patients had to undergo major surgery again - only 2 weeks after the injury - injected around the lesion site


What was the outcome of the clinical trial involving macrophage treatment ?

6 months after the surgery it proved there were no improvements with 41% of the controls staying the same while those that were treated 73% remained asia a therefore this indicated the treatment actually had detrimental effects
12 months after the surgery the treated patients were worse off
neither autonomic or motor effects improved


What are some of the conclusions from this clinical trial?

- its difficult to get patients to undergo surgery
- the treatment may have needed to be carried out earlier
- also very difficult to treat just around the target area


What is meant by the wrong type of macrophages could have been used?

M1= killer cells and they appear to increase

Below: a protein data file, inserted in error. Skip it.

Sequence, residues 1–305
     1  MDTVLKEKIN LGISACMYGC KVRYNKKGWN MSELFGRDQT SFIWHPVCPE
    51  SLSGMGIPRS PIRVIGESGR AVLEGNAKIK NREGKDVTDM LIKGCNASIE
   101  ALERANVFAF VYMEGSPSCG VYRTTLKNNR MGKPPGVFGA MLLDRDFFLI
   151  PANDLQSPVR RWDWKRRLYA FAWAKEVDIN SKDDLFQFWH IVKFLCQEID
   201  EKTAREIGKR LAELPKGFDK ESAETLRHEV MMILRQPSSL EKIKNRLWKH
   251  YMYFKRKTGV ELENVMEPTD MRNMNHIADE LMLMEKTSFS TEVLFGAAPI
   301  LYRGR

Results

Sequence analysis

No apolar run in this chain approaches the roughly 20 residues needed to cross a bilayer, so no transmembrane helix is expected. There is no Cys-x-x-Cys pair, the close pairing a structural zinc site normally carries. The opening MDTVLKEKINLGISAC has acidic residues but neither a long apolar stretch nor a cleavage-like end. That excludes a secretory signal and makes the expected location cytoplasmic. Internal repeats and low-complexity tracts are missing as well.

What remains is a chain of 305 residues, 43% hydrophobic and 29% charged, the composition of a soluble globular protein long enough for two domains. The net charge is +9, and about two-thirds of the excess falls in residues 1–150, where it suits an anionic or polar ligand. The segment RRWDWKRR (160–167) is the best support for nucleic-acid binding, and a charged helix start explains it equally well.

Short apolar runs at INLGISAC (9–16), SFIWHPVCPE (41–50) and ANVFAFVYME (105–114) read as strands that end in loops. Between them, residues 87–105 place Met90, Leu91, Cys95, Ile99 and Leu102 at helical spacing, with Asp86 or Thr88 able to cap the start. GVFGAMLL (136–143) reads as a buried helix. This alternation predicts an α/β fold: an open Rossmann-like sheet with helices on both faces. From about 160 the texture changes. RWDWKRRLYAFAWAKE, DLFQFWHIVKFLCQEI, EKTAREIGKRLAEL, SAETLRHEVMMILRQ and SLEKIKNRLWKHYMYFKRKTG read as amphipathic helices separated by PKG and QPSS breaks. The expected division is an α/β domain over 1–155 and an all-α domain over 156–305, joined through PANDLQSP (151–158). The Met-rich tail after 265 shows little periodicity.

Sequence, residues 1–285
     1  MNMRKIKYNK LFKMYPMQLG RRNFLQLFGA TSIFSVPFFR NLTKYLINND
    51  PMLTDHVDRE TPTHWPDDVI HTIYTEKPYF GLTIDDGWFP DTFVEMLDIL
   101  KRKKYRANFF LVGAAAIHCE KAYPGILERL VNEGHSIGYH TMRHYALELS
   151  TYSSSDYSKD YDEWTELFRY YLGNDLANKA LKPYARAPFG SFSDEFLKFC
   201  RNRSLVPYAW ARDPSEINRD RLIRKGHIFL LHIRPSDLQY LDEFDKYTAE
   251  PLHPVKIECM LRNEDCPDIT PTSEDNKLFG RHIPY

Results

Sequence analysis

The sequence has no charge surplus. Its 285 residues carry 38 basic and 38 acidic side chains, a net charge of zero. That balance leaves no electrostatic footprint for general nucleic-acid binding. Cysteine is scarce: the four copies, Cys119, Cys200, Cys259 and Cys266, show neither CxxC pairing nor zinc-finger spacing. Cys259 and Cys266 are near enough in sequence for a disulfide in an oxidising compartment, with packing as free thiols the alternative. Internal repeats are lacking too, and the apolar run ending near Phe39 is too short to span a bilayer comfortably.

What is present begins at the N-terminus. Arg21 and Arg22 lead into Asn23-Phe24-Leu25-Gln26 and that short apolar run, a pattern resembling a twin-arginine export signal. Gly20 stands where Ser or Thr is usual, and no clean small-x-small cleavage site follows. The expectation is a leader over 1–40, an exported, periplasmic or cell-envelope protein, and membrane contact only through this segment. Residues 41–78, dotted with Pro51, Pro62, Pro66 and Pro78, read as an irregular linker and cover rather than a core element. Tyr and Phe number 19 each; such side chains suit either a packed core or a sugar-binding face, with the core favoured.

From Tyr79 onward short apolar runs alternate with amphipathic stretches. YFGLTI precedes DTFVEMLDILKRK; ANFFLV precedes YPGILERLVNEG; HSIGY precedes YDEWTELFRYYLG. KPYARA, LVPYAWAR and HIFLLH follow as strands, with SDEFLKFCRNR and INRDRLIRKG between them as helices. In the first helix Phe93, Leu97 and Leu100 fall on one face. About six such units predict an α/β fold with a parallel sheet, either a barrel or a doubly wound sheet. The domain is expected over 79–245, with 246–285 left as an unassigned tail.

M2= beneficial macropages and these seem to decrease


What treatment was carried out with macrophages and cultured neurones and what was the outcome?

looking at regeneration of neurones in culture and those treated with M1 demonstrated much less regeneration


How was excitotoxicity reduced?

by using a sodium channel blocker - mexiletine, phenytoin and riluzole
excitotoxicity is a consequence of secondary damage due to too much glutamate


What was the overall effect of sodium channel blockers?

reduce lesion size
improve motor function scores by 5 and 6 weeks later


What is a huge flaw in the sodium channel blocker experiment?

the drugs were administered intraperitoneally immediately following the trauma of weight drop - therefore this is not an appropriate model